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Report’s call for further investment welcomed by leaders of Cambridge - the UK’s cycling capital

Published: Monday, July 2, 2018

Local authorities in Greater Cambridge have welcomed a call for more funding in cycling for the city, outlined in a new National Infrastructure Commission (NIC) report published today.

However, leaders have expressed disappointment that the report commissioned by the NIC has not gone far enough in reflecting the already high levels of cycling and cycling investment investment in the city which has led to Cambridge’s enviable status as the UK’s cycling capital.

In the past three years, Cambridgeshire councils have invested more than £18 million in growing the local cycling network, with up to £50m of investment earmarked for cycling-specific projects to 2021, with a particular priority for Cambridge and South Cambridgeshire, assisted by “City Deal” funding. 

Nearly half of all work journeys (43%) in Cambridge are already made by bicycle and it’s the mode of choice for a third of local residents, figures the Greater Cambridge Partnership, Cambridgeshire County Council and district councils are determined to increase further.

The new report ‘Running out of road’ by Andrew Gilligan, commissioned by the NIC to explore the potential of the Cambridge-Milton Keynes-Oxford growth corridor, sets out a case for a £200 million national funding boost for the three cities.

The report calls for a consistently high quality approach to cycling infrastructure and safety to encourage even more people into the saddle.

However, the report also criticises the lack of priority given to cycling and proposes a review of some existing and planned schemes.

Cllr Lewis Herbert, Leader of Cambridge City Council and Interim Chair of the Greater Cambridge Partnership said:  “The report is detailed and offers a number of recommendations which we will all consider fully. We also welcome the general call for more funding for cycling as we recognise there is always more than can be done.

“However, while Andrew Gilligan is a champion for cycling worthy of respect, it is a major omission of his analysis to exclude other forms of transport from serious analysis, including the role of planned new public transport, the potential of CAM Metro and of investment already underway in cycling/walking routes.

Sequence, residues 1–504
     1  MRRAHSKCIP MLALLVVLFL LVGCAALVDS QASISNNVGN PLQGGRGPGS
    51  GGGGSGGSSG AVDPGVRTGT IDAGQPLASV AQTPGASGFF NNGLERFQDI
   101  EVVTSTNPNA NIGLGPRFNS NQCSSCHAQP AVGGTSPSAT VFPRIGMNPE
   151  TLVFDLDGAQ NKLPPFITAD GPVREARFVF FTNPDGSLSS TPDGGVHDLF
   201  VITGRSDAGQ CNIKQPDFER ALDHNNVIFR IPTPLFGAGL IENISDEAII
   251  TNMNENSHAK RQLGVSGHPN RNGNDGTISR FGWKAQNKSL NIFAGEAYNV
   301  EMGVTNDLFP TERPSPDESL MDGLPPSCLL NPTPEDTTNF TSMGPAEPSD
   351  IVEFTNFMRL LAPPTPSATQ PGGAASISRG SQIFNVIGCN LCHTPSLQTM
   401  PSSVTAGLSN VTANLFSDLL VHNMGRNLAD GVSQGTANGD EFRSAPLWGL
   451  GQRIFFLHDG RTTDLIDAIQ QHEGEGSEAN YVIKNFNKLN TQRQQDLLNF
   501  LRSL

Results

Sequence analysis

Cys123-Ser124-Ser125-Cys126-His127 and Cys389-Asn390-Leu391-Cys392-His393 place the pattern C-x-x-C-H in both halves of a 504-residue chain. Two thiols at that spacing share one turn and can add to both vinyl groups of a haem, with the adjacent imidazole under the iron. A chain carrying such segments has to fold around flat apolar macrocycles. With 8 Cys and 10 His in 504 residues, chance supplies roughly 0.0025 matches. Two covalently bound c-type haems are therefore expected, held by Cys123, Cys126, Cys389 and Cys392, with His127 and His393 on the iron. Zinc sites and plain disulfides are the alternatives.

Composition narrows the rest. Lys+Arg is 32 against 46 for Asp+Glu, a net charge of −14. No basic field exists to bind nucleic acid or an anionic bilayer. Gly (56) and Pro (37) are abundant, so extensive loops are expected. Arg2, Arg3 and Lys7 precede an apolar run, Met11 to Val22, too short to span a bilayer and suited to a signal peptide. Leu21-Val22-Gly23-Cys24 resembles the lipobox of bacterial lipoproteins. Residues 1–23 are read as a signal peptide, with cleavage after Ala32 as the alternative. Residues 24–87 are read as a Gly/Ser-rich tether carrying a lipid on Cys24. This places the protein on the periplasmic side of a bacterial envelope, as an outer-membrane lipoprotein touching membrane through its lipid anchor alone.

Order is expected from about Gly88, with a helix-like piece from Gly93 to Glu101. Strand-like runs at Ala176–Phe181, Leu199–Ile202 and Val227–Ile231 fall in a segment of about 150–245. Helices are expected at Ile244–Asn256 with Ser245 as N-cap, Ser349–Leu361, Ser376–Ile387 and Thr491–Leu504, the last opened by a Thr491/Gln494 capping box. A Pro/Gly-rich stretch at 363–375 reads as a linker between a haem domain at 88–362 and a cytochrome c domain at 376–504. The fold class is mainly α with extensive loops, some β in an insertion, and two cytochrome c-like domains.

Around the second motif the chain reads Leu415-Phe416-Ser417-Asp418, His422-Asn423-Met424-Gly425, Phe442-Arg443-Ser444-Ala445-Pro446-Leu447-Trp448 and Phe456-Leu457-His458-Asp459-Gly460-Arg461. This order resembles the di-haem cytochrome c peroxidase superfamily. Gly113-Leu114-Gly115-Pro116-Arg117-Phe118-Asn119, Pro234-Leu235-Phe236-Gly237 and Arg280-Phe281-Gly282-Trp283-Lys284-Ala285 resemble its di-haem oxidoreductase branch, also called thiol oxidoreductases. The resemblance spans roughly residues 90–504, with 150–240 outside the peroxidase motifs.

"This joined up investment in infrastructure will result in a double shift from the car, both to cycling and also to high quality public transport for longer journeys. 

“I pay tribute also to the contributions of the Cambridge Cycling Campaign and a succession of councillors and campaigners who have championed transformational cycling investment locally for over 20 years which means that, while we still have a long way to go, we have far better cycling infrastructure than comparable cities.”

Cllr Steve Count, Leader of Cambridgeshire County Council, said: “We have worked hard to obtain funding for many new cycling projects in recent years.

“While the report rightly highlights that cycling rates in Cambridge are the highest in the English speaking world, our objective is to get more people cycling by providing the right facilities and links. More people cycling means less congestion, boosts the economy and improves health.

“The report shows that cycling has a 43% share of work journeys made entirely in Cambridge and a 29% share of all work journeys by Cambridge residents – more than double that seen in Oxford.

"This is not by luck but by design, and is thanks to the high levels of investment in cycling schemes and development by the County Council and, more recently, the Greater Cambridge Partnership.”

Schemes currently underway include improved cycling provision along key routes into the city, the Chisholm Trail - linking the north and south of the city – and the start of consultation on 12 separate Greater Cambridge Greenways to connect surrounding towns and villages with safe, off-road routes into the city.

Last week Cambridgeshire County Council made national news by announcing it has been awarded £550,000 by the Department for Transport (DfT) to create the UK’s first Dutch-style roundabout at Fendon Road and Queen Edith’s Way in Cambridge.

The new roundabout scheme will improve safety in the area by giving priority to pedestrians and cyclists over motorists.

For further information on schemes currently underway visit and